Talking To Your Vet About Dilated Cardiomyopathy (DCM)
What Is DCM?
This is a disease that weakens the heart muscle resulting in poor pumping ability. What happens is the heart muscle becomes enlarged, which in turn may cause heart valves to leak. When the heart is not working properly, the entire body is affected, and the primary concern is developing congestive heart failure.
The cause of DCM is unclear, but it seems to affect certain dog breeds more than others. More large dogs get it than small dogs, but as far as smaller breeds are concerned, Cocker Spaniels have higher incidences. DCM is not the only disease that causes these symptoms; sometimes, secondary infections appear that mimic DCM because of toxins or infections.
Symptoms of DCM
Early on there may be no symptoms of DCM. In some cases the dog may present with low tolerance to exercise, a heart murmur, abnormal heart sounds, or an irregular rhythm. As the disease progresses, symptoms will become more apparent. Later on there may be more clear symptoms:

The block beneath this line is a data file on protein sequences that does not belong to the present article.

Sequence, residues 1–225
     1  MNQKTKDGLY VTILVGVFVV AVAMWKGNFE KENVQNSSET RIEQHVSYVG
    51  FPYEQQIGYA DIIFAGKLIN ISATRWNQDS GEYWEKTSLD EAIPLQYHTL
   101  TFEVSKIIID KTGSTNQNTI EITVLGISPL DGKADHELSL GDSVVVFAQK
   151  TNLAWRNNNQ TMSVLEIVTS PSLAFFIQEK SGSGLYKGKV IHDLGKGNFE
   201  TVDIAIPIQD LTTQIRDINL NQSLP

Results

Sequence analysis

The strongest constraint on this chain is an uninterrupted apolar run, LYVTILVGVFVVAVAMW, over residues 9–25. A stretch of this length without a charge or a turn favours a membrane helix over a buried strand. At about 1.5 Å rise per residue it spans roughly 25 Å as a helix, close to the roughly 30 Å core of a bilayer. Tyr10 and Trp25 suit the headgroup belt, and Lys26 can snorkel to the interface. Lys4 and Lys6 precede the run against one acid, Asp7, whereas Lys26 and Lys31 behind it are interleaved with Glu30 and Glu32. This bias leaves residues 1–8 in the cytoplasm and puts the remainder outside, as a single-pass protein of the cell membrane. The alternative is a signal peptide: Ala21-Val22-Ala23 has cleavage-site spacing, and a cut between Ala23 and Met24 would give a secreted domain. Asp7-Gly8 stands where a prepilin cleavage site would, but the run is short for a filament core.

- High blood pressure
- Lung congestion
- Pleural effusion
- Acute weakness
- Sudden death
- Signs of Heart Failure
Left-sided congestive failure usually accompanies DCM. If your dog has entered this stage, you will likely see the following signs:
- Fatigue when exercising
- Increased breathing rate
- Excessive panting
- Coughing while active
- Abdominal enlargement
- Avoidance of lying down
Your veterinarian will give your dog a thorough exam if he suspects DCM. A full cardiac exam will detect any abnormal heart sounds. Chest X-rays and ECG can confirm the disease and determine how severe it is.
Asymptomatic dogs might be treated with an ACE inhibitor to slow down the disease. The therapy used depends solely on the individual and the stage of the disease.